The Reporter Is Either Wrong Or This Is A Bad Deal For Greece

Via Peter Tchir of TF Market Advisors,


If the ECB switches 50 billion of old bonds for 50 billion of new bonds, what does Greece get?  No notional reduction. Possibly a reduction in interest payments but that depends on the coupons on the bonds the ECB owns. The new bonds allegedly have some covenants and possibly other projections for the bond holders. That is a negative for Greece - they can default on these old bonds and the ECB can't do much about it.

Maybe the reporter is wrong, but this is a good deal for the ECB, marginal for Greece, but does make it easier to jam holdouts. They can default on old bonds or retroactively CAC old bonds and the ECB won't be affected.

Will Greece agree to this?

If the ECB is counting the difference between purchase price and par as profits - then it is printing money. Maybe that is enough to get the market higher - a clear sign that ECB is printing.

It is possible that all they are considering as "profit" is interest they have been paid and it is possible that the ECB will exchange their bonds based on purchase price, giving Greece some notional reduction.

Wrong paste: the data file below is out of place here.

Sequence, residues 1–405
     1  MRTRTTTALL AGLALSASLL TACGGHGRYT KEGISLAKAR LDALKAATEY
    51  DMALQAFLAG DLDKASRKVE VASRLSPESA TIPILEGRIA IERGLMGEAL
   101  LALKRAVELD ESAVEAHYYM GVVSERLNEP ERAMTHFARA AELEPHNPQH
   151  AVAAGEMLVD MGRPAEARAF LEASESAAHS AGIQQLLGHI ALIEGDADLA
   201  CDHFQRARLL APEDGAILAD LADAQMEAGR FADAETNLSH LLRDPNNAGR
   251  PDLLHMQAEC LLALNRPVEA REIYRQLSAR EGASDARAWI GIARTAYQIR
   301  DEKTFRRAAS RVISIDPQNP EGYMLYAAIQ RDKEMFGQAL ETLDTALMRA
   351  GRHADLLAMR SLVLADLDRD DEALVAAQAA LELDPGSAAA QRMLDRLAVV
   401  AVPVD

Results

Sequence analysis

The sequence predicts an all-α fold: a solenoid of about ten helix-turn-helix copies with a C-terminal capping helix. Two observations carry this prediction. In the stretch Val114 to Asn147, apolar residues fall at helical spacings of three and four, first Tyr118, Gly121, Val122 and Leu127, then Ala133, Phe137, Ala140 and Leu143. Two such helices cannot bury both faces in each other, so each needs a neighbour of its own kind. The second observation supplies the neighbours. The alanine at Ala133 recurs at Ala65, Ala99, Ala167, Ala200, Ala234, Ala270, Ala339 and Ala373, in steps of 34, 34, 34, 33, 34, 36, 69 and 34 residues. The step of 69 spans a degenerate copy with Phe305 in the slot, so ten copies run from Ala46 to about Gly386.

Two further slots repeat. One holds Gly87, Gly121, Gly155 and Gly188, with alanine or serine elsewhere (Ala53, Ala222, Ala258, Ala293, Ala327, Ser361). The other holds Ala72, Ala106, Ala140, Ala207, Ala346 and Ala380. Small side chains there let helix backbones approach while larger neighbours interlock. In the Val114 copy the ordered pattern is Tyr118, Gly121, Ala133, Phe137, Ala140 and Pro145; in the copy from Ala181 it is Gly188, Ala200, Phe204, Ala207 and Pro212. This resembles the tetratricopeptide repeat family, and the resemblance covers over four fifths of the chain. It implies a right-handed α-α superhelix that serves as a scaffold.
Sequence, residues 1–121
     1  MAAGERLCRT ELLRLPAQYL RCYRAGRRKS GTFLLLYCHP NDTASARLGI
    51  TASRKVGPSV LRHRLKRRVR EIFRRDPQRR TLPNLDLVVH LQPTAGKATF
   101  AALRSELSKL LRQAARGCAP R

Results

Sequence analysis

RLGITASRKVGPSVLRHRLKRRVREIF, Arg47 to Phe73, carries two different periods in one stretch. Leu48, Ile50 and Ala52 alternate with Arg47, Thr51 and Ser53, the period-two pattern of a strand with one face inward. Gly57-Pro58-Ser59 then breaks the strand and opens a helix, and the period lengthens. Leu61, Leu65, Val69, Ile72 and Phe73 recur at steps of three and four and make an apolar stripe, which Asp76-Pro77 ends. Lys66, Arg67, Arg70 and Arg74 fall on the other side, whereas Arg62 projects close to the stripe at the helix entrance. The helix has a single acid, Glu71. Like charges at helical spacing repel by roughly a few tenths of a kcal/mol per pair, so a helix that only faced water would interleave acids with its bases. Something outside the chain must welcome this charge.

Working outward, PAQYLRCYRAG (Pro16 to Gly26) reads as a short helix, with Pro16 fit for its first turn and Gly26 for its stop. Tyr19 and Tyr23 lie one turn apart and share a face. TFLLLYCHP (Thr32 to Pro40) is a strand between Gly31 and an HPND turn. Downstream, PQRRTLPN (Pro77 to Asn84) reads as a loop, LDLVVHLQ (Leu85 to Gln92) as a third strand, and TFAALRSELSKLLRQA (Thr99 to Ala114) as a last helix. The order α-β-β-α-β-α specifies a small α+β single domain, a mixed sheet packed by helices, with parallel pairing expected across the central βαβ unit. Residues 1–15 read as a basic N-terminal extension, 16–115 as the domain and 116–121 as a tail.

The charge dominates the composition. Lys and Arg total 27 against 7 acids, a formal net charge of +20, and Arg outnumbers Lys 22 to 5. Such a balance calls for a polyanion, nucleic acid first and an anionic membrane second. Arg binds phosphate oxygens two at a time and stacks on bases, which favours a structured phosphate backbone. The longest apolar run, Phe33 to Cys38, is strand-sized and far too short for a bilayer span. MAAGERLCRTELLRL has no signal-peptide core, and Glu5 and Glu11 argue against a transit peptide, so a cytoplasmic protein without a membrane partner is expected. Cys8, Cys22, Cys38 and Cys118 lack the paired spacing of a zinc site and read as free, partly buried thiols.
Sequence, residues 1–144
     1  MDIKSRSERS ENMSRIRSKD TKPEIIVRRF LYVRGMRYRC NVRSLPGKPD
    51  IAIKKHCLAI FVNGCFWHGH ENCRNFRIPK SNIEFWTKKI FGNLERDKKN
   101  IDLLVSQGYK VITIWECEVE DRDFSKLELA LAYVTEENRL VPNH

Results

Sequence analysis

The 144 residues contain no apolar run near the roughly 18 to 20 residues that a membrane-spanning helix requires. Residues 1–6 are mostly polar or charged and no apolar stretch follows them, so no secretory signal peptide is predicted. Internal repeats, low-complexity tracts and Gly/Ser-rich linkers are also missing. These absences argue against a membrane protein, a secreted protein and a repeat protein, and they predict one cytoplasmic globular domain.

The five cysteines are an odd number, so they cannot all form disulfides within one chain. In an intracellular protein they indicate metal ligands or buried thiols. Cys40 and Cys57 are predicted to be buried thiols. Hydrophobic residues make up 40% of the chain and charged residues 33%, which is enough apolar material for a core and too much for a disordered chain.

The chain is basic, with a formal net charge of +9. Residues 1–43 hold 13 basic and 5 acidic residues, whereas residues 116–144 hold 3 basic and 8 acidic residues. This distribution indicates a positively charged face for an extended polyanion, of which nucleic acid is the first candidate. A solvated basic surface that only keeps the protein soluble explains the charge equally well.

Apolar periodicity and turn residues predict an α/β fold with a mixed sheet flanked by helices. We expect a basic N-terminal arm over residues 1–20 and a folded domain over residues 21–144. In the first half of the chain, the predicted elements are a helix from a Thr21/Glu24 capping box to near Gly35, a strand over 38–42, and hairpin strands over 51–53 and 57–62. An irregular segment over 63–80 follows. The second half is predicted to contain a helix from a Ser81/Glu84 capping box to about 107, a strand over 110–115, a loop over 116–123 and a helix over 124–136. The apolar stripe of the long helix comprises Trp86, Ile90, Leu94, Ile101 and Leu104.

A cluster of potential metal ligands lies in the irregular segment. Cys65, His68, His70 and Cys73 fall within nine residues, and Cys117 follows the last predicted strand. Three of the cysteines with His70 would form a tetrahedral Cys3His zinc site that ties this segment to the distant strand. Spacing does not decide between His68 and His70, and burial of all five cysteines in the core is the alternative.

This announcement is either marginally good or marginally bad depending on the details. It is not great or a game changer - except maybe the money printing angle.

As Credit Suisse noted this morning:

We remain very cautious about the long-term sustainability of the debt after restructuring, and it is just possible (not our core case) that the troika takes the rational decision that it is cheaper to let Greece default and reimburse the ECB for its approx. €30bn of GGB losses than to pay the rising but nominally €130bn. Yet it was only on 14 February (two days before writing) that the ECB was confidently talking of distributing its GGB profits, so we are cautious about second-guessing the analytical framework being used.


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